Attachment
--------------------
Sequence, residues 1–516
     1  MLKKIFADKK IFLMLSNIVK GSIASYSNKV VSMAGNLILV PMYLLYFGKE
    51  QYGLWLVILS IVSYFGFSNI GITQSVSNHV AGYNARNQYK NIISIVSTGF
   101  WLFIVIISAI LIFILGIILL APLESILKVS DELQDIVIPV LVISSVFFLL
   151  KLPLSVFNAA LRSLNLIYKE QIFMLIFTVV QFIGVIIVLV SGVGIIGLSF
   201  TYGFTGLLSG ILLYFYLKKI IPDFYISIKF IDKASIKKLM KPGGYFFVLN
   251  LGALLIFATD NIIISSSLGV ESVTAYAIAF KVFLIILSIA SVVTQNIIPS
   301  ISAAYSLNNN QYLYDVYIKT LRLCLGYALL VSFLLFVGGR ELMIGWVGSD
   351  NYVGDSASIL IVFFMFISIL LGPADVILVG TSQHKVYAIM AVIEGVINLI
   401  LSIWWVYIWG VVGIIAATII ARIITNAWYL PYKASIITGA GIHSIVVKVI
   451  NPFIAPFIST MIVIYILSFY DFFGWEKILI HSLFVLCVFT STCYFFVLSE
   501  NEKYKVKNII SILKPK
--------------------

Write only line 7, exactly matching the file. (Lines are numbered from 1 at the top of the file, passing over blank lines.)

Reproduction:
   251  LGALLIFATD NIIISSSLGV ESVTAYAIAF KVFLIILSIA SVVTQNIIPS